Health Magazine

Beauty, Part IV

By Melissa Boles @_mboles

Emily Virtue, an English professor at Western Carolina University (where I finished my graduate degree), is the fourth person that will be sharing their perspective on beauty this week.  Emily and I met over Twitter just before she moved to North Carolina to start working at Western, and I’m so excited for you to hear her perspective.

 What does the word “beauty” mean to you?

While I hate to admit it, when I hear the word “beauty” I automatically think of physical attractiveness (and the expectations brought on by American media).  This doesn’t mean that I necessarily agree with the standards put before us, but  I do at least acknowledge (begrudgingly) what those expectations are and what we’re told is “beautiful.”  Ideally, “beauty” means self-confidence and honesty (with yourself and those around you) but “beauty”, at least my in experience is not usually interpreted or accepted in this way.

What is your first memory of understanding beauty?

At a very young age I became aware of what it was to make yourself look “pretty” (which in this context is the same as “beautiful” to me).  The notion that I could play dress up and become something better than myself, to look more beautiful by altering myself in some way, was apparent.  Even at the age of five or six, my friends and I would play dress up, give one another makeovers, or conduct “photo shoots” (yes, with real film which we waited days to have developed).

What do you know about beauty now that you didn’t know in your teens/twenties? 

I don’t think I “know” anything new but I think my perspective of beauty has changed.  I’d say this is due in large part to becoming a mother.  I think I am less critical of myself and others because I know my body is capable of so much more than just “being pretty.”  (I’ve always been aware of this, but I think I appreciate what my body is capable of now and consider it more beautiful than it ever was before).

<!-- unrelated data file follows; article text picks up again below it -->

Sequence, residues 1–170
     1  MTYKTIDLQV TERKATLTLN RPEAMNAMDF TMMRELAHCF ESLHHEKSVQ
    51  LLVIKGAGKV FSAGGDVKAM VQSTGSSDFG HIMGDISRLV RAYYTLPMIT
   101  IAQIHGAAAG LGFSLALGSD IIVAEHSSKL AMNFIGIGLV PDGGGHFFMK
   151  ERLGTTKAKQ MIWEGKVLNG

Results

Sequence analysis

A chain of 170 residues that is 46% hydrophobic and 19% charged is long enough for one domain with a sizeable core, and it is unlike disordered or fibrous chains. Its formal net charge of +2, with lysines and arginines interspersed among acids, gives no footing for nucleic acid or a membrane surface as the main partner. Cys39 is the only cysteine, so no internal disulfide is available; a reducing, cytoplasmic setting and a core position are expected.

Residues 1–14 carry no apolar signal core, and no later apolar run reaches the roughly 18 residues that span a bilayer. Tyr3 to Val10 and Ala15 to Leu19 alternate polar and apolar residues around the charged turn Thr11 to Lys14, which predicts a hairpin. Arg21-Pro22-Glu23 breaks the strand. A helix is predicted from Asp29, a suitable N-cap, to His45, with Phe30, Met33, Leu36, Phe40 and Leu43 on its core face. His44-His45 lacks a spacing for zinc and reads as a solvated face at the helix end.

What do you wish you could change about the way beauty is portrayed?

I wish that people focused more on what is beautiful about another in an every day sort of way.  Sure, we can all gussy ourselves up for a night out or special occasion (and that’s fun, don’t get me wrong) but I think we all (especially women) should acknowledge that we are beautiful all the time.  Even if my hair hasn’t been washed in days there is beauty in it.  If there is one thing I want to impart to my daughter about beauty it is that everyone is beautiful in his or her own way and just because we don’t see it does not mean it does not exist.  We can define beauty however we wish but neverat  the expense of others.

If you could tell your younger self one thing about beauty, what would it be?

I struggled with anorexia for years as a teen, so I would tell myself that thin does not equal beauty.  I have no idea how I could convince my younger self that there is a healthy approach to eating and exercising that is so much more fulfilling than the ability to fit into size 0 jeans but I wish I could.  It comes down to self-worth, which clearly I didn’t have a sense of at that age.  I’d also tell myself to lay off the popular magazines because it’s just trash under the guise of beauty “tips” that end up doing more harm than good.

31 days blog

Miss a post this month? Don’t know why I’m suddenly posting every day? Everything you need can be found HERE.


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